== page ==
POC or PILOT approach to you PPM implementation?
This article briefly explains the key ingredients and differences between a POC (Proof of Concept) and a Pilot approach when selecting an implementation approach for a project and portfolio management solution.
In general, either a POC or a Pilot is recommended as a way forward to ensure things are as they should be, before a potential larger project could impact all users within an organization. In other words, reducing the risks for project failure later. Often organizations don’t understand the core difference between the two approaches, even though the requirements towards the vendor is very much depending on the chosen approach.
To fully understand the differences between a POC or a Pilot, one should start by looking at the defined success criteria for each approach:
Success for a Proof of Concept
The POC must answer all the questions set out by the success criteria in the form of pass or fail. Even if an organization decides to not move ahead with the project, the POC might still be very successful as it has analyzed key risks before a vital decision is taken. A POC is not successful if the defined questions or risks have not been answered in full. A POC is like mitigating the risks with the highest impact for your potential PPM implementation.
Success for a pilot approach
The pilot is successful, when all required functionality has been deployed, used and validated in full by a low number of users (typically 5% of total expected users). In other words, the pilot is successful when the entire system can be moved into production, and the pilot is obviously unsuccessful if it can’t be moved to production.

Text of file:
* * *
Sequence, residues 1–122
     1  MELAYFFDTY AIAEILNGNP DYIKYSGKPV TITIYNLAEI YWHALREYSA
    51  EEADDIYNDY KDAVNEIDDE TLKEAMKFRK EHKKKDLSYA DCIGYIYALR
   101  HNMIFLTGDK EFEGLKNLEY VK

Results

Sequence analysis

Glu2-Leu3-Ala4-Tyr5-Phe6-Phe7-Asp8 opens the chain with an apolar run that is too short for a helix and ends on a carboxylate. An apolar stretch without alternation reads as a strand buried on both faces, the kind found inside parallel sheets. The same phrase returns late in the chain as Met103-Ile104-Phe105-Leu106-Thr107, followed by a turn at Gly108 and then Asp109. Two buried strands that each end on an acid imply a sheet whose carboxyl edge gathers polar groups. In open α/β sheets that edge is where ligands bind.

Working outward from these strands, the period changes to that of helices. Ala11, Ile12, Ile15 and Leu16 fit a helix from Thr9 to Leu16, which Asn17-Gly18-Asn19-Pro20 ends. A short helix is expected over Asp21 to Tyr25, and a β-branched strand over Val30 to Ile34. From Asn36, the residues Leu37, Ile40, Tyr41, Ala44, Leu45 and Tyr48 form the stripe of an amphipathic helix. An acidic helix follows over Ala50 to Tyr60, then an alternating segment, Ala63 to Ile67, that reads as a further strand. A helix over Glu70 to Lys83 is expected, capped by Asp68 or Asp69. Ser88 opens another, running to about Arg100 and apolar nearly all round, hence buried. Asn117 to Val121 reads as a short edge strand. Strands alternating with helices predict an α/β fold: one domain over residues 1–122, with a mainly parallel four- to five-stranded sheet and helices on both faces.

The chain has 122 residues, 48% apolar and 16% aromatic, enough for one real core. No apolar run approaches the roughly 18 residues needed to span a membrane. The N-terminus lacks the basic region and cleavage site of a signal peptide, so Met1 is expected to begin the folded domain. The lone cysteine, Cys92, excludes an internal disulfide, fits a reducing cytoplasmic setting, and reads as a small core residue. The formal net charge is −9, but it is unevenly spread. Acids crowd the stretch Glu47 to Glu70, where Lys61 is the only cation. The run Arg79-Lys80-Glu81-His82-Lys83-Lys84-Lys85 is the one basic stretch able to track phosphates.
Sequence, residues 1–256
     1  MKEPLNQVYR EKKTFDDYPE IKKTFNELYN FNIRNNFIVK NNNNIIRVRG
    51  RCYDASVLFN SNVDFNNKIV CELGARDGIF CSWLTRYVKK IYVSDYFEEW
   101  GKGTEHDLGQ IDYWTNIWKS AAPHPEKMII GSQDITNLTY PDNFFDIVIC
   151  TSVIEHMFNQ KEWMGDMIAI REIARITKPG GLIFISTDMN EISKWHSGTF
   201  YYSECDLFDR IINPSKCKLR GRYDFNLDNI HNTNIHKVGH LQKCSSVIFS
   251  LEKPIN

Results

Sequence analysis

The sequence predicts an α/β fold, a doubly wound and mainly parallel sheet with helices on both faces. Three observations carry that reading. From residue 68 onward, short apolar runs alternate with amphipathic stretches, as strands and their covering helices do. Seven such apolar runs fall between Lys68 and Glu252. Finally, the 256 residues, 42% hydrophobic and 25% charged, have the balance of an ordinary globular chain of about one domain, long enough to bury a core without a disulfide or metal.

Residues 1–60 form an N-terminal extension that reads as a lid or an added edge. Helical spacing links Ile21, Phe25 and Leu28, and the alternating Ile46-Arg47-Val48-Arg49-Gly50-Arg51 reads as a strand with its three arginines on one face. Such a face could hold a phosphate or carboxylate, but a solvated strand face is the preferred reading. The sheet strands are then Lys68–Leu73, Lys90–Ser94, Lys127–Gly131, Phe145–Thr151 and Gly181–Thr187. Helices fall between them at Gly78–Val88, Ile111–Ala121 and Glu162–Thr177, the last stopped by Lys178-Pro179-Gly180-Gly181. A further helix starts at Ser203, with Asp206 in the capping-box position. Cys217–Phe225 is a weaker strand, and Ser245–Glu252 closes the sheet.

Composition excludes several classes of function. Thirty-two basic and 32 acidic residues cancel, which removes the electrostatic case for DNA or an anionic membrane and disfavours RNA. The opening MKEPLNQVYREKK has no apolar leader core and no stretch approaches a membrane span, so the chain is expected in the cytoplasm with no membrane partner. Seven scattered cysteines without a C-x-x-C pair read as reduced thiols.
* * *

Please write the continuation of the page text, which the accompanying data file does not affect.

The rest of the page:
Comparing the two approaches could be shown as below. In this case, when implementing a PPM system such as Microsoft Project Online.
Running a POC
When going for a POC approach it is likely due to concerns the organization have regarding specific areas of importance or doubt e.g. can our work process really be implemented? is performance good enough? will it integrate to our ERP system? etc.
These questions are key ingredients for the defined “success criteria” that should be known for all participants of the POC project. When questions are agreed upon, they must be written in a way that allows for other to later validate the result. The most used approach to this, would be to use a “test case” approach with two categories of validation “technical” and “business/process”.
In the POC the PPM system should (only) be configured so it can validate all required use cases (questions and concerns). This should be done in a MVP (minimum viable product) manner, as we only do a POC to validate our questions and concerns, not the things we expect or know is already working.
Running a Pilot
When choosing to go for a Pilot approach, it’s because the organization has already selected the preferred system such as Project Online. In this case, all functional requirements, and the organizational processes (workflows), must be configured, and used in real life scenario but only for a few users (pilots). Managing this kind of Pilot project can be done in multiple ways depending on the project model chosen such as Prince2, PMI or even an agile (Scrum) approach. Keep in mind, the scope should come from a requirements specification, meaning change request management must take place, making it hard for a 100% agile approach.
Best practices and steps used in a PPM system Pilot:
POC and Pilot hybrid
In some cases, it would make perfect sense to first run a POC followed by a Pilot. An example could be that an organization need to sure that a special integration will work in real-life before considering running a pilot that requires user involvement. The POC would then be a simple matter of answering one question/requirement, and if positive, then move ahead with the planning of a Pilot to further test the general requirements and organizational processes.